For positive magazine function, you can use standard 1911 magazine followers (GI 7 round), or you can use the older Ruger 7 round polymer followers. The 8 round Wilson followers work extremely well in all Ruger 45 ACP pistols but the Ruger 8 round followers like in the photo are problematic. The Ruger magazine bodies and springs are great, better than any aftermarket magazine.

 

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Ignorance is bliss i guess.
An old vet had told me years ago that 45's are suspose to have 7 rd mags. I've stuck with that over the years and have not had problems.
Of course i can be pig headed about such but it has kept me out of trouble including the p90.
 

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Iowegan - I am well aware of the magazine follower problem with the .45 mags as I had to correct many problems that were a result of it. However, if you look at a cut-away mag or even a mag with a single round in it, you will see that the offending part of the follower is below the front of the shell. Even should the follower get pushed forward with the last round, the nose of the bullet is well onto the feed ramp before the follower is high enough to cause a problem. The rear of the follower will still deflect sufficiently to allow the case to clear the feed lips at the correct feed angle. We ran many tests on this issue once it started to rear it's ugly head on the P97. The pushed-forward follower has been known to cause a number of issues, but last-round FTF was the least of them. There were several transparent changes made to the follower and shell to help resolve these issues. The current follower wasn't my decision as I wasn't involved in the 7 to 8 round conversion to the mags. But, I had to live with the consequences as one of my duties was that of Customer Service Manager. I dealt with people daily who had problems with the mags. The vast majority of the problems weren't feed related. I don't like that follower/shell design any better than you do. As far as I'm concerned, they should have rethought the upper end of the mag when the problem first occurred with the P97 rather than put a band-aid on it. But it wasn't my decision to make.

All I was trying to tell the man was that, in my experience with customer service, that there were as many extractor related last round FTFs as there were magazine related FTFs. The correct extractor tension and machining fall into a very narrow window and do cause as many problems with last round feed as do magazines. Nobody likes the .45 followers, but you can't automatically blame the follower for every malfunction. The follower issue may very well be to blame here, but I was giving the man another option that had not been addressed. The quick and dirty way to see if it's a follower issue is to dub off the point on the lower lip of the follower. if that doesn't cure it, you must look elsewhere.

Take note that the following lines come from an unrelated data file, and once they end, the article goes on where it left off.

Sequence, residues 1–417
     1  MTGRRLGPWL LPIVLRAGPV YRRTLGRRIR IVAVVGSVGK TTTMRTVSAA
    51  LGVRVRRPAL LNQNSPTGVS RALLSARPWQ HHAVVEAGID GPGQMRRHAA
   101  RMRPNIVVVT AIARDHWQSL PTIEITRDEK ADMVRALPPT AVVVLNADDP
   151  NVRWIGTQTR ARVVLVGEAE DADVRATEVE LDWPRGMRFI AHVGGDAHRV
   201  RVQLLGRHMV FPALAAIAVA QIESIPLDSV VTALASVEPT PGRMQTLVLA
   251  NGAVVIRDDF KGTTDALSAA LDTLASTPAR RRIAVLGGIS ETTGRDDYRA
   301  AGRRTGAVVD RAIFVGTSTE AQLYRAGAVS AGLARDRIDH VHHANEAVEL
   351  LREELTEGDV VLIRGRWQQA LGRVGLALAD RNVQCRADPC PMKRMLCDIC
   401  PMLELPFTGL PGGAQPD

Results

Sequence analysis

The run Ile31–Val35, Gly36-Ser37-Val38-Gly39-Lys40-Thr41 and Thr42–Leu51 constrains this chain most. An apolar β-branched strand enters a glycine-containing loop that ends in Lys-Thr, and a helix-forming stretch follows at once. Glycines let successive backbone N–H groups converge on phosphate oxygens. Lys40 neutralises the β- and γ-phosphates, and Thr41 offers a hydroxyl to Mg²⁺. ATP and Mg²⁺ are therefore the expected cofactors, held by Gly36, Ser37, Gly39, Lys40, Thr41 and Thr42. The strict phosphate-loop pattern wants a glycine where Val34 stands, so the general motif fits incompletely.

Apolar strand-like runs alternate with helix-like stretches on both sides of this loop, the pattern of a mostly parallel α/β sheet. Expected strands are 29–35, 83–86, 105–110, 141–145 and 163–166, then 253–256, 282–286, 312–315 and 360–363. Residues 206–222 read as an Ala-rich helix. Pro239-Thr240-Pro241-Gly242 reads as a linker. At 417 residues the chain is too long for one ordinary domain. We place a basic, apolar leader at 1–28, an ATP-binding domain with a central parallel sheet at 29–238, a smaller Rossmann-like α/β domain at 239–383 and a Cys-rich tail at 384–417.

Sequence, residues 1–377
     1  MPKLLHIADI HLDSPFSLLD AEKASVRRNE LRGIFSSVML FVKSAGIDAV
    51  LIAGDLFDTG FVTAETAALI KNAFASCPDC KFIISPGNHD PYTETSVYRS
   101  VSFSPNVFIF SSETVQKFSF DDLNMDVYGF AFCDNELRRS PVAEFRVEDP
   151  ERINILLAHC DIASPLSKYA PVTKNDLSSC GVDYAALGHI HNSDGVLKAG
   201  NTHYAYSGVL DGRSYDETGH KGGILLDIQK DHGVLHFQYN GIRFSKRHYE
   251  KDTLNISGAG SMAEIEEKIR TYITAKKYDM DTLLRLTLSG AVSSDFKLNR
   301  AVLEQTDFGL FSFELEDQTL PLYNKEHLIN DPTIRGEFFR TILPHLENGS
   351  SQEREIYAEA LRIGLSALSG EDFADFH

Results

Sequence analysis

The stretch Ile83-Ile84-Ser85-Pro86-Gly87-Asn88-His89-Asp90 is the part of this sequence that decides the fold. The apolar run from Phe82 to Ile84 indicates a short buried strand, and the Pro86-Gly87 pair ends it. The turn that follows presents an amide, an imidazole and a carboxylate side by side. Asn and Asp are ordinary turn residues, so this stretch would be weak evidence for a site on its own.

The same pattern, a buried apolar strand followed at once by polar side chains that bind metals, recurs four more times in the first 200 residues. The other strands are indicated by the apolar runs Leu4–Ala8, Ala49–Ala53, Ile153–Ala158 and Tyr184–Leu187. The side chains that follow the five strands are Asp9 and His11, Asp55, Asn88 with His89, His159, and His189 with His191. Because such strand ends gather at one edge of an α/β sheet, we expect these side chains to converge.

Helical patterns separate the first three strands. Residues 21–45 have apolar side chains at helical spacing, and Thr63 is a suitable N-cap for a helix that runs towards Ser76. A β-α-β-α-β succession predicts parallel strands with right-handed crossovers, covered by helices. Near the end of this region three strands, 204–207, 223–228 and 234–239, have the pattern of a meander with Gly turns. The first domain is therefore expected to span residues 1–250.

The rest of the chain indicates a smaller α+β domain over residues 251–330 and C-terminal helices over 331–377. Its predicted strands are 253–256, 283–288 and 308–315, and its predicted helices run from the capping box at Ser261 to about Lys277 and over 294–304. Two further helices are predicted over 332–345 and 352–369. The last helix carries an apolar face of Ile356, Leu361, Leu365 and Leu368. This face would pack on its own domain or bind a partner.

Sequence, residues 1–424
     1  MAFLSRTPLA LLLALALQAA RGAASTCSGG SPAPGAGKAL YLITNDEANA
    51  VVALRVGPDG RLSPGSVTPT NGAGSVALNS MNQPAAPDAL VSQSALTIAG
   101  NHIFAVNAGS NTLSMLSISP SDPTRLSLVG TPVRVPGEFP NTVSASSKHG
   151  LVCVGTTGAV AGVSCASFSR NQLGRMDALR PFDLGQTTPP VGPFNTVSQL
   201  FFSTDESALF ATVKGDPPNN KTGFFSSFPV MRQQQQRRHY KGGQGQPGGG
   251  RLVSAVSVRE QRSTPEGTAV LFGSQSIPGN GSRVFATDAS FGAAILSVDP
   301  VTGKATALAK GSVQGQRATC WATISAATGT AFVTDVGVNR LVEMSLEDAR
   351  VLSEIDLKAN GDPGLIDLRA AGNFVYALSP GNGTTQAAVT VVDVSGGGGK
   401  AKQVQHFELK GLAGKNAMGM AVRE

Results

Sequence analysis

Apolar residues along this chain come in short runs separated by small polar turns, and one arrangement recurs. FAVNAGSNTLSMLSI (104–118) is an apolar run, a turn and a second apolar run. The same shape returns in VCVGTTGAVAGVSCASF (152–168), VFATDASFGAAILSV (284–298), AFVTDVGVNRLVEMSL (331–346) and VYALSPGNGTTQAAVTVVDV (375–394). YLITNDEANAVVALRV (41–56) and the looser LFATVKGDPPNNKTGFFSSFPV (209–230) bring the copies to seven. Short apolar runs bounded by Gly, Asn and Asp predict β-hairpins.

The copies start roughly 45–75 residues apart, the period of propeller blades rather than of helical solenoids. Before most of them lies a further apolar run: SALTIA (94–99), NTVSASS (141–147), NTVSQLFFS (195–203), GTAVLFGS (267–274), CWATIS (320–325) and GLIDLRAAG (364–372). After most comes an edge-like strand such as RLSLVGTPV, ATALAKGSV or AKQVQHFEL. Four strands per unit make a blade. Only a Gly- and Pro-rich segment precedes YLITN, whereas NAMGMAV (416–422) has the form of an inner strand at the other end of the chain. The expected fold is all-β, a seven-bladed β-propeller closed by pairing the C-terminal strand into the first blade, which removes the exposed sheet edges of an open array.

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This is great info. Thanks. I received the Wilson Combat followers and spring and replaced both on my two Ruger mags.

I checked the extractor as Coffee Pot suggested and it is pretty sharp as far as I can tell.

I think I'll shoot it with just the mag fix first and see if that works. If not, then I'll smooth off the extractor. If that doesn't work then I'll try flattening the bow.

Thanks to Iowegan and Coffee Pot!

Whisky19
 

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quote:Originally posted by deputy125

Ignorance is bliss i guess.
An old vet had told me years ago that 45's are suspose to have 7 rd mags. I've stuck with that over the years and have not had problems.
Of course i can be pig headed about such but it has kept me out of trouble including the p90.
Deputy125,

I wish the problem was as simple as downloading the mags to 7 rounds. However, the last round failure to feed problem happens whether I load 8 rds, 7 rds, 5 rds, or whatever. Thx tho! :)

Whisky19
 

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Sorry it took so long to get back here but I was only able to get to the range yesterday to try out the mags with the new followers. I can report that this was an utter failure. Fired one box of Blazer Brass 230 and the last round of EVERY mag failed to feed. Looks like I'll have to attack the extractor next.

I noticed that the extractor on the 345 is different than what was described by Coffee Pot. After looking at some parts diagrams, it looks like the one he was describing was for a P90 or 97. The one on the 345 has a separate spring like one in a ball point pen and is held in by a roll pin.

If I try to remove the extractor fromthe slide, which direction should I drive the pin? Top down, up from the bottom or it doesn't matter.

Could the spring be too strong? What about clipping off a coil or does someone see a lower power spring? Is the spring from a ball point pen too light?

Sorry for all the questions but I'm just a little frustrated. This is my first autoloader and it hasn't been a pleasant experience. Right now this is just a range gun since I don't trust it to be my home defense gun. That is reserved for my SP101. At least I know it will function 100%.

Thx all for your help!

Whisky19
 

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I have 5 factory P 345 magazines and 1 was giving me problems with the last round. What I found was the distance between the followers upper and lower "plate" was smaller by about .030. I spread it out and haven't had any problems since and I use them in 2 KP345DPR's.



 

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Hi everyone,

It's been a month since my last range report on this issue and since the last range trip I have removed the extractor and smoothed the sharp edge. It took me 3 trips, smoothing and shooting, smoothing and shooting until today's trip. I put about 80 rounds through without a failure to feed! Hooray! The next mag I got the last round FTF again. GRRRRR! But I broke her down, cleaned and oiled her and put 2 more mags through without a problem! I'm thinking 1 more session with the stone will do it!

I'm a happy camper! :D

Thanks for all the help!

Whisky19
 

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hello,
This might sound like a stupid suggestion but why not send it back to Ruger to fix? Is their customer service ok? Do they still fix defective guns even tho they give no written warranty anymore?
oldgungal